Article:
If we can make the user’s day a little brighter after an interaction with our work, they’re more likely to transact with our client, to come back, and perhaps, even, to tell their friends.

Empathy operationalized

We focus on building this empathy in the early phases of our work, during the Connect phase. (You might hear us refer to “operationalized empathy”, or “applied empathy”.) We ask probing questions to understand the project’s purpose. We also want to understand what’s behind the purpose… 

  • What triggered the project? 
  • What’s motivating the people involved? 
  • What does success look like? 
  • What’s everyone secretly worried about?

Often we unearth hidden, personal forces. Perhaps an exec overheard a disparaging comment at a dinner party that motivated her to trigger a redesign. Or maybe an article posted by an ex-developer led to a bigger conversation about a re-platform. Maybe a revitalizing new product line is due out, and the company’s future is riding on its successful debut. Or perhaps a new hire is trying to make an impression on her team or her boss. (Again, these examples are all real!)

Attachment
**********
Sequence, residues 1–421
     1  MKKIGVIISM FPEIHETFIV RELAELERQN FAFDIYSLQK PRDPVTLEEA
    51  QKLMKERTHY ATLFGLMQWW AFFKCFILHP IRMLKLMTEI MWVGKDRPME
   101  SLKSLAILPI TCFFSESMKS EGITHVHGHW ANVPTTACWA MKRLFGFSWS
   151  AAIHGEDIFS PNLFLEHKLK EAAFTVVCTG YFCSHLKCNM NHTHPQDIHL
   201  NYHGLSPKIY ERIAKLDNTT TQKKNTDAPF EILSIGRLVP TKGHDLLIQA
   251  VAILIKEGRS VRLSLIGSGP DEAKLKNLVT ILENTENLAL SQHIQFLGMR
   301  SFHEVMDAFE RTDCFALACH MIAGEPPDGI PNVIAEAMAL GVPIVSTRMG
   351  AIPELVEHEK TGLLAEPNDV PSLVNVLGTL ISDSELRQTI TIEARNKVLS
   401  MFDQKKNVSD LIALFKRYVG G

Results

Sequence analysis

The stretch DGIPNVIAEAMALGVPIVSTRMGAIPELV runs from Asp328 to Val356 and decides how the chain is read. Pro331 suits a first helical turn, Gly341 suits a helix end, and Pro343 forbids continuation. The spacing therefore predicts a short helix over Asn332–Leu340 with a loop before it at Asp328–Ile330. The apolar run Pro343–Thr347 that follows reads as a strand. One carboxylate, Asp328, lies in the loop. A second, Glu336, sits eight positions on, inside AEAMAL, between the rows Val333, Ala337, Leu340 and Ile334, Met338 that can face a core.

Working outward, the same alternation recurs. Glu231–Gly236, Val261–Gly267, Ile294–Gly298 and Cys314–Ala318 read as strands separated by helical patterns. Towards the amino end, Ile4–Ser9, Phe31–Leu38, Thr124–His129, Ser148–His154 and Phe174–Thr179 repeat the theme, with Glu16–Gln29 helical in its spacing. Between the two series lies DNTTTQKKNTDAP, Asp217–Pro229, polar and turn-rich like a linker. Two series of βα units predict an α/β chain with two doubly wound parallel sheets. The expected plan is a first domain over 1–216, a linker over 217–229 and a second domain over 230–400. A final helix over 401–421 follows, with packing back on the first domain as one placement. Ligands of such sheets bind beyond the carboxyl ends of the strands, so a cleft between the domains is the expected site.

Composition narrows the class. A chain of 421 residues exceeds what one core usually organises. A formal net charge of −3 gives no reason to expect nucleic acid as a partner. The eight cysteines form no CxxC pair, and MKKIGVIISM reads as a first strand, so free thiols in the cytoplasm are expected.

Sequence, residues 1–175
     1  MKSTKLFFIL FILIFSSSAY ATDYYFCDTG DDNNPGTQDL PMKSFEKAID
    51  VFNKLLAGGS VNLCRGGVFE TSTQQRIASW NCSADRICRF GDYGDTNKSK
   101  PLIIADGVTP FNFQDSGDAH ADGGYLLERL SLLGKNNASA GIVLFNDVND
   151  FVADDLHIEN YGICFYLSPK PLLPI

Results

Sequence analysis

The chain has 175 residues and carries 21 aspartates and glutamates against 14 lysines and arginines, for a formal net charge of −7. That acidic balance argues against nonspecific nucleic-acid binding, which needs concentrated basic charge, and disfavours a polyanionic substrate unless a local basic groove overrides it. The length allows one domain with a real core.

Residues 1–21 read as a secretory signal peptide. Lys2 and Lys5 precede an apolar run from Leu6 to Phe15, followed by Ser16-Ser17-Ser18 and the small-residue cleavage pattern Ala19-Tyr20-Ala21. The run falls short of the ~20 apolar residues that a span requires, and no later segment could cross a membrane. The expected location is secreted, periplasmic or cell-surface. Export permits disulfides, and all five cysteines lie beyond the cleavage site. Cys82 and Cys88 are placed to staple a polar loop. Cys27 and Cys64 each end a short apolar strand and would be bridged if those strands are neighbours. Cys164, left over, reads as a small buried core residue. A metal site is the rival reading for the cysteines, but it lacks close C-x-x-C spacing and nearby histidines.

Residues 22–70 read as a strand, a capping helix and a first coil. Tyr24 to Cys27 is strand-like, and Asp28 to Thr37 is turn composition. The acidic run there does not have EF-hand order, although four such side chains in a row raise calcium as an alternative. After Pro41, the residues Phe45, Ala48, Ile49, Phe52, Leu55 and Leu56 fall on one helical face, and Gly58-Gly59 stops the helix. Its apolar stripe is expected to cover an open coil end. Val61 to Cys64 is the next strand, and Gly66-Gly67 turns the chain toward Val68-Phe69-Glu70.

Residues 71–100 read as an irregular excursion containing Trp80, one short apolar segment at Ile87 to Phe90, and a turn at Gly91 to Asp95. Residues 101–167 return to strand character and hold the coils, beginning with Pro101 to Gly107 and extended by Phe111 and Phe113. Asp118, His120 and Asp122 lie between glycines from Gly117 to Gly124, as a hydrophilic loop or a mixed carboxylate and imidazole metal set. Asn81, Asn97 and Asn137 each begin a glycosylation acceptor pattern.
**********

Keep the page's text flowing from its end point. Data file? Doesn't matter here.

Understanding these forces helps us not only build the right product, but also helps us positively support our client along the way. It ensures we’re all pushing in the same direction. Often, it gives us a map for the kind of success that a project brief alone could never outline.

From empathy: everything

Motivated by empathy alone, we’re driven to do quality work: work our clients can trust, feel good about, and see achieving their goals.

We’re compelled to be dependable, so clients can rest easy. 

We power our relationships with respect and value diversity because that’s what you do when you care about other people.

We care about community because people are wonderful, education and curiosity because that’s how we learn how to help people, efficiency because waste makes people miserable, and we prioritize relationships internally and externally because that’s our fuel.

All these typical values are secondary — mere outcomes of empathy. And seeing them through the lens of empathy helps us balance their priority. 

For example, everyone wants quality work. Quality work takes time. How do we balance quality versus efficiency? Under the banner of empathy, it’s straightforward — we understand that client’s motivations, priorities, and concerns. We collaborate as equals with the client to develop a comfortable work plan that hits the right balance, that maximize the upsides (reduced risk, improved metrics, etc.) while minimizing the downsides (cost, time, etc.).

Now, imagine if all designers and marketers were motivated by such human factors. We could collectively let our guard down just a bit in a world filled with aggressive advertising, under-designed products, and bewildering apps.

The world would feel a bit easier, a bit less stressful. That’s the win we’re after. We’re not here to make design save the world. We just want to do our part to improve it.